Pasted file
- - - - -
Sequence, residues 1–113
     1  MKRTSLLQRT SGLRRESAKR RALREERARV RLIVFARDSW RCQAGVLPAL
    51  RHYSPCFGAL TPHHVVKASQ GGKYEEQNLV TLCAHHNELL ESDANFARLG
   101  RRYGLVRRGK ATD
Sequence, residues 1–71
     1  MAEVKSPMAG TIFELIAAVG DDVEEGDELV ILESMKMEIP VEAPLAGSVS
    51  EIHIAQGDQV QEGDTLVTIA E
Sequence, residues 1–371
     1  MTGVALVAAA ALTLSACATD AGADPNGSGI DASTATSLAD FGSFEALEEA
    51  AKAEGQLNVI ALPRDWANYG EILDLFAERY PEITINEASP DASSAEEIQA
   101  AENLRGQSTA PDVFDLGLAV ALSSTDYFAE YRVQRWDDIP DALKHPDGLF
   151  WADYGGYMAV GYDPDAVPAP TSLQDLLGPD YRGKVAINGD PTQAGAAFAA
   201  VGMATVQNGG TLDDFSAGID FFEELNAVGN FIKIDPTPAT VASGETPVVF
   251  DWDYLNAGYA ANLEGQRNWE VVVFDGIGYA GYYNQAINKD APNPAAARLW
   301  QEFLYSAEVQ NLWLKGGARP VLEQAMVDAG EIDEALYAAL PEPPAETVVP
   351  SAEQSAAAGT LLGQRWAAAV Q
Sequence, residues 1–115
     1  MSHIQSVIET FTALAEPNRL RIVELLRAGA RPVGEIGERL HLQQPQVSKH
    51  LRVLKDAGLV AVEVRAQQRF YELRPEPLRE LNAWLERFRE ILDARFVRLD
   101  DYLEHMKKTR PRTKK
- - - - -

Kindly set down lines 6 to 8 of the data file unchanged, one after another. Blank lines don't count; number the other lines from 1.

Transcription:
     1  MAEVKSPMAG TIFELIAAVG DDVEEGDELV ILESMKMEIP VEAPLAGSVS
    51  EIHIAQGDQV QEGDTLVTIA E
Sequence, residues 1–371